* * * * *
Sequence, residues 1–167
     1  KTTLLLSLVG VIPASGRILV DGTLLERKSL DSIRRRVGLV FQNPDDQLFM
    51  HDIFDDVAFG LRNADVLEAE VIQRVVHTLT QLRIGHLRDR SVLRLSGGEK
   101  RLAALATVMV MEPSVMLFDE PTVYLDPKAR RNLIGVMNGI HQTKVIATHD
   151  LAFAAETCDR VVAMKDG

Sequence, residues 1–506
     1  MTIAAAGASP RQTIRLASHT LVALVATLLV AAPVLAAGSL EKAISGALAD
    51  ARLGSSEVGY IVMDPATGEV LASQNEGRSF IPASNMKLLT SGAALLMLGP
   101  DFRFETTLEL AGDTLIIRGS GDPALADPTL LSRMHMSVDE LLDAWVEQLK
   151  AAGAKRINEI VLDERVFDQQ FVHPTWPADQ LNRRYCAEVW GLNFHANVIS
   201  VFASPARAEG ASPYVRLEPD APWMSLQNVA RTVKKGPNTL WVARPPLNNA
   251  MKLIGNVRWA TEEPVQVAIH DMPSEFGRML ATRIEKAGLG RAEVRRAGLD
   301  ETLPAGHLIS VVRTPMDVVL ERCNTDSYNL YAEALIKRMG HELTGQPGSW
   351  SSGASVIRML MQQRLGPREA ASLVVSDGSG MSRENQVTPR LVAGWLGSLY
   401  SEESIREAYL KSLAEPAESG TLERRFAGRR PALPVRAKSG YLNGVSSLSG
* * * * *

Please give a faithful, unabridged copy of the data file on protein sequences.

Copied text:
Sequence, residues 1–167
     1  KTTLLLSLVG VIPASGRILV DGTLLERKSL DSIRRRVGLV FQNPDDQLFM
    51  HDIFDDVAFG LRNADVLEAE VIQRVVHTLT QLRIGHLRDR SVLRLSGGEK
   101  RLAALATVMV MEPSVMLFDE PTVYLDPKAR RNLIGVMNGI HQTKVIATHD
   151  LAFAAETCDR VVAMKDG

Sequence, residues 1–506
     1  MTIAAAGASP RQTIRLASHT LVALVATLLV AAPVLAAGSL EKAISGALAD
    51  ARLGSSEVGY IVMDPATGEV LASQNEGRSF IPASNMKLLT SGAALLMLGP
   101  DFRFETTLEL AGDTLIIRGS GDPALADPTL LSRMHMSVDE LLDAWVEQLK
   151  AAGAKRINEI VLDERVFDQQ FVHPTWPADQ LNRRYCAEVW GLNFHANVIS
   201  VFASPARAEG ASPYVRLEPD APWMSLQNVA RTVKKGPNTL WVARPPLNNA
   251  MKLIGNVRWA TEEPVQVAIH DMPSEFGRML ATRIEKAGLG RAEVRRAGLD
   301  ETLPAGHLIS VVRTPMDVVL ERCNTDSYNL YAEALIKRMG HELTGQPGSW
   351  SSGASVIRML MQQRLGPREA ASLVVSDGSG MSRENQVTPR LVAGWLGSLY
   401  SEESIREAYL KSLAEPAESG TLERRFAGRR PALPVRAKSG YLNGVSSLSG